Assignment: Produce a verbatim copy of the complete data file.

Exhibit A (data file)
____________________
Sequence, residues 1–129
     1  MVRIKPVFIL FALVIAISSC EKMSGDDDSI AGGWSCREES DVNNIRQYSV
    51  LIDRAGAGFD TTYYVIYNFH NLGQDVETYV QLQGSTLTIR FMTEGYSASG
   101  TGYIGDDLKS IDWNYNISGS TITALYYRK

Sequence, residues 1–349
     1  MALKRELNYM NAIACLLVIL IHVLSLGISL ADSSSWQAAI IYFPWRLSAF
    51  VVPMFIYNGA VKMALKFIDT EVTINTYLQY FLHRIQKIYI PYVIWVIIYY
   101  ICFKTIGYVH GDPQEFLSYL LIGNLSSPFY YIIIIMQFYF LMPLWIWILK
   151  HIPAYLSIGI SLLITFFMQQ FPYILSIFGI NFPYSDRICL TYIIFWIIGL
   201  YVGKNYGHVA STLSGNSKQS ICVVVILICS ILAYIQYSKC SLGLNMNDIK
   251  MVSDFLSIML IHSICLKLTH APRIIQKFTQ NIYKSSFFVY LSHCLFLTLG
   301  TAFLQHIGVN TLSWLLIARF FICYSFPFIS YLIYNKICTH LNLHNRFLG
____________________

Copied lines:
Sequence, residues 1–129
     1  MVRIKPVFIL FALVIAISSC EKMSGDDDSI AGGWSCREES DVNNIRQYSV
    51  LIDRAGAGFD TTYYVIYNFH NLGQDVETYV QLQGSTLTIR FMTEGYSASG
   101  TGYIGDDLKS IDWNYNISGS TITALYYRK

Sequence, residues 1–349
     1  MALKRELNYM NAIACLLVIL IHVLSLGISL ADSSSWQAAI IYFPWRLSAF
    51  VVPMFIYNGA VKMALKFIDT EVTINTYLQY FLHRIQKIYI PYVIWVIIYY
   101  ICFKTIGYVH GDPQEFLSYL LIGNLSSPFY YIIIIMQFYF LMPLWIWILK
   151  HIPAYLSIGI SLLITFFMQQ FPYILSIFGI NFPYSDRICL TYIIFWIIGL
   201  YVGKNYGHVA STLSGNSKQS ICVVVILICS ILAYIQYSKC SLGLNMNDIK
   251  MVSDFLSIML IHSICLKLTH APRIIQKFTQ NIYKSSFFVY LSHCLFLTLG
   301  TAFLQHIGVN TLSWLLIARF FICYSFPFIS YLIYNKICTH LNLHNRFLG